Spatial Management of Fisheries (Report)
Marine Resource Economics 2004, March, 19, 1
Marine Resource Economics
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Introduction Most fisheries management systems have historically managed individual populations over either the entire geographic range of the population, or a smaller regulatory jurisdiction associated with a political boundary. The boundaries of typical management regimes have thus been relatively large, often either with homogeneous regulations applied over the whole range of the population, or with some spatial differentiation designed to counter concentration of fishing effort in various "hotspots." This somewhat ad hoc approach to fine-tuning regulations over space largely reflects the underdeveloped state of knowledge of marine ecosystems that managers have had to work with in the past. However, over the past decade or so, there have been improvements in fine-scale monitoring of species abundance and oceanographic processes thought to determine spatial abundance. As a result, ecologists have begun to understand more about the manner in which populations are spatially distributed over ocean environments and the mechanisms that determine this distribution.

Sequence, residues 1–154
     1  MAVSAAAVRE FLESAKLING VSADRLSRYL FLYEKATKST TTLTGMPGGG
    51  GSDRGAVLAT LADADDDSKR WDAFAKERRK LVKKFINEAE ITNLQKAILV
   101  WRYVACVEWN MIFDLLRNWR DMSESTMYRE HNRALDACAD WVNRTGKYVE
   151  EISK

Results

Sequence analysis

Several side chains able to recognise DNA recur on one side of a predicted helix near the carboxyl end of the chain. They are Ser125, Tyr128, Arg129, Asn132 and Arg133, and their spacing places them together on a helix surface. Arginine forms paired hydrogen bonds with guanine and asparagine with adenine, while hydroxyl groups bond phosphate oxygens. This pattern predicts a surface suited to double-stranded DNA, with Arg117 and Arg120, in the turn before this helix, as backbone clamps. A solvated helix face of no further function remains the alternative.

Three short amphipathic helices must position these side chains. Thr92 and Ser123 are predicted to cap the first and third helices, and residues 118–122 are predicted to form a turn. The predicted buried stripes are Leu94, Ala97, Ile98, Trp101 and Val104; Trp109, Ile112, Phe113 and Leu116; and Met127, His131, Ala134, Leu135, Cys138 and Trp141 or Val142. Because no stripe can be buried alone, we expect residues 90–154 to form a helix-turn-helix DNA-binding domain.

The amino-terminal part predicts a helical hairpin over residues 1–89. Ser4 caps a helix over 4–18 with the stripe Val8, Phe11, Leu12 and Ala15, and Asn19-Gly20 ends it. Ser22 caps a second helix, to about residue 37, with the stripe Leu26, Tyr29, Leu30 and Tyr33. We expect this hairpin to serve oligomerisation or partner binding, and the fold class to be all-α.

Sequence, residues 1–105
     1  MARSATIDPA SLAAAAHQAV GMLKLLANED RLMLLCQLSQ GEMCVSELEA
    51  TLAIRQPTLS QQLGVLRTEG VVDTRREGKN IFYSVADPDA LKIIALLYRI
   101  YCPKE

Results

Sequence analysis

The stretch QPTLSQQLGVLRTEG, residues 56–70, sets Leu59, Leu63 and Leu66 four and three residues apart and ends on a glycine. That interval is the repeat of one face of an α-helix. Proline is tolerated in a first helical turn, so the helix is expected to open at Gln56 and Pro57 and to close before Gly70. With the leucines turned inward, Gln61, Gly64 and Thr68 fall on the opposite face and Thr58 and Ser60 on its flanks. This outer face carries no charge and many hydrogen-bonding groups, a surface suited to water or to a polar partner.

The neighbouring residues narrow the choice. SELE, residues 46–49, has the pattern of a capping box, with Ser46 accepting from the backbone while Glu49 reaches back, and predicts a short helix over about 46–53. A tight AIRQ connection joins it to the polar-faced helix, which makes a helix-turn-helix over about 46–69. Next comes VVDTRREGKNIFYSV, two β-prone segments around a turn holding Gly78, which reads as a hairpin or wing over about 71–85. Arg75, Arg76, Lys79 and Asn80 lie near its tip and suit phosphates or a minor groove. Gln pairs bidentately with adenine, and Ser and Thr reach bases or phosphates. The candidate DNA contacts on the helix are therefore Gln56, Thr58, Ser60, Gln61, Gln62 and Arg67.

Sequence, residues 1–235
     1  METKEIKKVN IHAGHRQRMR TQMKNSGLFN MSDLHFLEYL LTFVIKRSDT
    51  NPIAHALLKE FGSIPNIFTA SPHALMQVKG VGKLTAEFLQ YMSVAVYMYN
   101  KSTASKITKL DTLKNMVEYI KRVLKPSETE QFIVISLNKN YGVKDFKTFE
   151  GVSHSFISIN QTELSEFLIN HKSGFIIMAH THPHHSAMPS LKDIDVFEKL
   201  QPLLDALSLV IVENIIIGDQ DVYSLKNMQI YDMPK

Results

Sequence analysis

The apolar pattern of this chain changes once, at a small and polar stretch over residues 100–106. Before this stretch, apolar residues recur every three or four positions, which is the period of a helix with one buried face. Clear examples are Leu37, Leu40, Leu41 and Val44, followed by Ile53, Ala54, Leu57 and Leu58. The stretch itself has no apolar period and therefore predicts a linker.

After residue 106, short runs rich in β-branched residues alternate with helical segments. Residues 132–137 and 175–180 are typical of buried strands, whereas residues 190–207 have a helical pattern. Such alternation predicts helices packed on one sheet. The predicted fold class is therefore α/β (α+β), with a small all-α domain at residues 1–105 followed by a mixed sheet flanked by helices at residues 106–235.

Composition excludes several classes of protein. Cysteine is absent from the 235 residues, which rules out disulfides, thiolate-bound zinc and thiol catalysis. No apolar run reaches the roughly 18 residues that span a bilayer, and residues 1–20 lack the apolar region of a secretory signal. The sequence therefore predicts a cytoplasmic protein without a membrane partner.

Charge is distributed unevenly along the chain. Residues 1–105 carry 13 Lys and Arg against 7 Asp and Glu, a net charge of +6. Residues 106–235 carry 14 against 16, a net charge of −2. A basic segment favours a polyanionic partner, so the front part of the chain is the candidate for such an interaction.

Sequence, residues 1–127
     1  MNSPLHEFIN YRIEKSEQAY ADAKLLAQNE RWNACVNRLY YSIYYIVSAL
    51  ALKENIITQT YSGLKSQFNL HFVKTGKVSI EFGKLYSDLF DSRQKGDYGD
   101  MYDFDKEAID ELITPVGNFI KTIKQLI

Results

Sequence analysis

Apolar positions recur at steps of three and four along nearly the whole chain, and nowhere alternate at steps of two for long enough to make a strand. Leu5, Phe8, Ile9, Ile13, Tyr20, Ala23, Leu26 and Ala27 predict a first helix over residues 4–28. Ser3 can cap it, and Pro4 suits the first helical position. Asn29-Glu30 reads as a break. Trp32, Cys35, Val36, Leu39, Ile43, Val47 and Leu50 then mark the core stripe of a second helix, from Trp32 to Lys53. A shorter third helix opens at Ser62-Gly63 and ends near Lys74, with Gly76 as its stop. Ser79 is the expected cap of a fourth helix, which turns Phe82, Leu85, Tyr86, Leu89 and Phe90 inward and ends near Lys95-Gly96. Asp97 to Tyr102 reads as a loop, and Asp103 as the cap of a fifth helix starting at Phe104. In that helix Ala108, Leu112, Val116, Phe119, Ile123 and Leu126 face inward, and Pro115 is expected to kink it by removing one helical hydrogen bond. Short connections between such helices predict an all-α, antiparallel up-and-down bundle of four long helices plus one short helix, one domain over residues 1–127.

- 2,99 €
- Category: Life Sciences
- Published: 01 March 2004
- Publisher: The MRE Foundation, Inc.
- Print Length: 27 Pages
- Language: English